Two thirds of those currently infected with Hepatitis C are Baby Boomers. That's a few million people.
Only about a fourth of these people know they are infected.
As members of this generation age, the effects of years, even decades, of undiagnosed infection are showing up. It's not a pretty picture.
Cirrhosis, primary liver cancer, end stage liver disease and the need for a liver transplant are possible outcomes of long term Hepatitis C infection.
Hepatitis C can be treated and cured. Treatment is undergoing revolutionary improvement right now.
People with Hepatitis C often notice few if any symptoms, even after years of infection. When symptoms do appear, they are often mild and general, like fatigue or a bit of nausea. These symptoms are often overlooked or attributed to other causes.
People who have Hepatitis C usually: had a blood transfusion, organ transplant, or hemodialysis before 1992; received clotting factors before 1989; or shared needles or "works" to inject street drugs (even just once!).
Medical workers can get Hepatitis C through needle sticks or related occupational exposure.
Less common ways people get Hepatitis C include: lax medical practices; unsanitary tatooing or body piercing; sexual contact (usually only if injury and blood are involved); and intimate household contact (shared toothbrushes or other any other contact involving even trace amounts of blood).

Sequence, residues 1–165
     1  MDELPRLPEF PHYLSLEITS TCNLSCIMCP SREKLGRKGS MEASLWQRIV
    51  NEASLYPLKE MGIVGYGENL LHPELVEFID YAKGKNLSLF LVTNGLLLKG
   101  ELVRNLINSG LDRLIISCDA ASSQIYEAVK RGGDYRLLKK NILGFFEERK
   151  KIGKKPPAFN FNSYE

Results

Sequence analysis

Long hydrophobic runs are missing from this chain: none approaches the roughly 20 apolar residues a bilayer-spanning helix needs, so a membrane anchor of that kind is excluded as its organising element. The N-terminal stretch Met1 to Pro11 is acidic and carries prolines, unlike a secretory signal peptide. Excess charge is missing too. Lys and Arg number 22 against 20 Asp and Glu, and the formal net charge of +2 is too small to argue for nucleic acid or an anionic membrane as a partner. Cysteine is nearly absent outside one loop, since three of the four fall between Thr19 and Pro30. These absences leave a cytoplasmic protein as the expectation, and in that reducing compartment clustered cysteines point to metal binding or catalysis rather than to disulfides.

Recent reports in the media have highlighted troubling outbreaks of Hepatitis C (as well as Hepatitis B and HIV/AIDS) transmitted in medical settings such as outpatient clinics. Improper reuse or inadequate sterilization of
syringes, endoscopy equipment, and other medical instruments have caused outbreaks of Hepatitis C and other diseases. While these medical errors are not common, they are especially troubling and highlight the need for greater vigilance on the part of practitioners and, possibly, improved regulation of medical facilities.
Doctors do not routinely screen patients for Hepatitis C. Basic blood tests do not provide any direct evidence of the virus. Blood test may reveal evidence of liver damage, but these results are frequently overlooked by primary care physicians.
There's only one way to be sure you do not have Hepatitis C. If you have any doubt about your status, ask your doctor for a Hepatitis C test.